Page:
Gyeongbokgung Palace | Jongno-gu, Seoul

Gyeongbokgung Palace | Jongno-gu, Seoul

Things To Do In South Korea

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Description

Gyeongbokgung Palace in Seoul

Built in 1935, Gyeongbokgung Palace (경복궁, 景福宮), or Gyeongbok Palace, was the main royal palace of the Joseon Dynasty and is the largest of the five royal palaces in Seoul, South Korea. Gyeongbokgung, also known as the Northern Palace, was given its name meaning “The Palace Greatly Blessed by Heaven”.

During the beginning of the Joseon Dynasty, the capital of Korea was moved from Gaseong to Seoul (known as Hanyang in this period) upon the palace’s completion. Gyeongbukgung was then at the heart of Seoul and is the first of the five palaces to have been built in the capital city. 

Gyeongbokgung Palace History

Gyeongbokgung continued to serve as the main royal palace of the Joseon Dynasty until the grounds were destroyed by fire during Japanese raids in the Imjin War (1592-1598). After Gyeongbokgung burned down, Changdeokgung Palace was rebuilt and would serve as the new main palace.

Gyeongbokgung would remain abandoned for almost three centuries (273 years) before reconstruction of the palace would begin. In 1867, under the orders of the Palace Prince Regent Heungseon, Gyeongbokgung Palace was rebuilt on a grand scale and was considerably expanded.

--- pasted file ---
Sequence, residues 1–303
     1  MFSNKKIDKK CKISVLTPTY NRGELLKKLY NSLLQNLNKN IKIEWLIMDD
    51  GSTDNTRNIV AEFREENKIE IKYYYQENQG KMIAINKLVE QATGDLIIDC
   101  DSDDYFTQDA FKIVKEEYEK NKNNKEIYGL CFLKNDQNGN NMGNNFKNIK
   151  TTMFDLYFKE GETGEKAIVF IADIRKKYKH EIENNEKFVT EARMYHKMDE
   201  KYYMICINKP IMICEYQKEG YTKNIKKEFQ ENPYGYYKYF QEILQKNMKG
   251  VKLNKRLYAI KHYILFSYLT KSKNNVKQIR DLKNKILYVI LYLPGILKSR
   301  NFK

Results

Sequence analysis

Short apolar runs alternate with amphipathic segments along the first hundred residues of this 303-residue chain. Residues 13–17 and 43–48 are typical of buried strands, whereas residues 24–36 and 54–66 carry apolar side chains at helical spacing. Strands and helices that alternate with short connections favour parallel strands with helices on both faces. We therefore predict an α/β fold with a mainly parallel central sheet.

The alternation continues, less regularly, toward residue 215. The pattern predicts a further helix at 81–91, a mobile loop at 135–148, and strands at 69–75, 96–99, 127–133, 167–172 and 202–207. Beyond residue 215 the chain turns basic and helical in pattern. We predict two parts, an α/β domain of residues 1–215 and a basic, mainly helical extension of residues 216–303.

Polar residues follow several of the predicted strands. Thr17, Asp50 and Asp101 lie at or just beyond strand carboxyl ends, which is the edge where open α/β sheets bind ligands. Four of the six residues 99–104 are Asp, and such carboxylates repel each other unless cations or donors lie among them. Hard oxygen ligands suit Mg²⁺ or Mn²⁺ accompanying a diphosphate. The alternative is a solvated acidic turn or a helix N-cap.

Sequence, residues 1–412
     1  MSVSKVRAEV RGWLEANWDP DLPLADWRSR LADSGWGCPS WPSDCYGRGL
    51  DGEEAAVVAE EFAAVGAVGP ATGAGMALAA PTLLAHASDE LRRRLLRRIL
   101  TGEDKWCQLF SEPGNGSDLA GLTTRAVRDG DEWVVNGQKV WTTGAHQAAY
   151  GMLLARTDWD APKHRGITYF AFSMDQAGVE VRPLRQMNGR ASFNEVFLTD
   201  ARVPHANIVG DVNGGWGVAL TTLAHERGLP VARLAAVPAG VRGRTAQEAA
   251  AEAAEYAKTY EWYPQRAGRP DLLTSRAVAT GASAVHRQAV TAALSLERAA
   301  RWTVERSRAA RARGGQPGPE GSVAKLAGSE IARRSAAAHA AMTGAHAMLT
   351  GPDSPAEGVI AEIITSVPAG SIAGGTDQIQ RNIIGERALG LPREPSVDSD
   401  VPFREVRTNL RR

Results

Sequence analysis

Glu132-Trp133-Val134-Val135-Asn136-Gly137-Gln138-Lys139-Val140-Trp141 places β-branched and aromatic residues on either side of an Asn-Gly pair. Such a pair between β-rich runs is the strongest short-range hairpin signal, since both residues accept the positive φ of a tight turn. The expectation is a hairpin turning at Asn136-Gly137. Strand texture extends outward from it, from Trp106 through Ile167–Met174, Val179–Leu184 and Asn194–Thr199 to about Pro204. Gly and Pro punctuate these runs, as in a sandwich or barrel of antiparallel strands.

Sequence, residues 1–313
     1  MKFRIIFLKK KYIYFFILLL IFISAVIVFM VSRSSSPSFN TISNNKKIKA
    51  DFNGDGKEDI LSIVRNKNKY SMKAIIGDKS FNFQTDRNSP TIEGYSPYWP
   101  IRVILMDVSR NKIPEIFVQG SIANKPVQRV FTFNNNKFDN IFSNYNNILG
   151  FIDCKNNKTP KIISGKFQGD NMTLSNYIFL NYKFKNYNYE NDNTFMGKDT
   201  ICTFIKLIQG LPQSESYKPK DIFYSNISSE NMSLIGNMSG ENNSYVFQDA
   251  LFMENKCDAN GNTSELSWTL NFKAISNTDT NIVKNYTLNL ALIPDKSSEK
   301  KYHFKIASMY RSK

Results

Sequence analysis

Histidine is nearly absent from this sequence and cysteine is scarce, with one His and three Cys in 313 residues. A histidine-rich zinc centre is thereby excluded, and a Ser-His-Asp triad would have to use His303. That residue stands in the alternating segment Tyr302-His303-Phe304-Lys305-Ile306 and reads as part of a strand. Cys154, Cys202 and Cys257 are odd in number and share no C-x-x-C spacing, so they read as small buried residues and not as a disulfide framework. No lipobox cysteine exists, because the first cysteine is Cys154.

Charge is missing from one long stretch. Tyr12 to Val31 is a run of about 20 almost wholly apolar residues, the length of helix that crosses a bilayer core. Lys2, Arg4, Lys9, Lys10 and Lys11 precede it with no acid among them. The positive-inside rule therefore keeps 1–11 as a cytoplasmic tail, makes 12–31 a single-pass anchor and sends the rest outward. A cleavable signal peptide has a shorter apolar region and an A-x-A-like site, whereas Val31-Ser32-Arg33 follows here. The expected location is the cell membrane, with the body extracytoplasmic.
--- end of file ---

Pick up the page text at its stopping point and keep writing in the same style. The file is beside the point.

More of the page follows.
The palace was then demolished again during Japanese occupation in the early 1900s as Gyeongbokgung was a symbol of Korean national sovereignty. In 1915, more than 90% of the palace buildings were demolished.

Gyeongbokgung Palace Today

Since then, efforts to restore the palace to its former glory have been ongoing since 1990. At the end of 2009, the Gyeongbokgung was estimated to have about 40% of its buildings that were destroyed during Japanese occupation restored.

The Korean Government has set a goal for phase two of the palace’s restoration to be completed by 2030. By the end of 2030, the Korean Government hopes to restore 76% of the original palace structures.

Gyeongbokgung Palace Admission Fees

  • Adults (ages 19-64): 3,000 won / Groups (10 or more): 2,400 won
  • Children (ages 7-18): 1,500 won / Groups (10 or more): 1,200 won

*Free admission: Toddlers (ages 6 and younger), senior citizens (ages 65 and older). Those wearing hanbok and those who visit on the last Wednesday of every month are also granted free admission to the Palace.

Gyeongbokgung Palace Hours

  • November-February: 9:00-17:00 (last admission at 16:00)
  • March-May: 9:00-18:00 (last admission at 17:00)
  • June-August: 9:00-18:30 (last admission at 17:30)
  • September-October: 9:00-18:00 (last admission at 17:00)

*Closed on Tuesdays

How to get to Gyeongbokgung Palace

Take the subway line 3 and get off at exit 5 at Gyeongbokgung Station.

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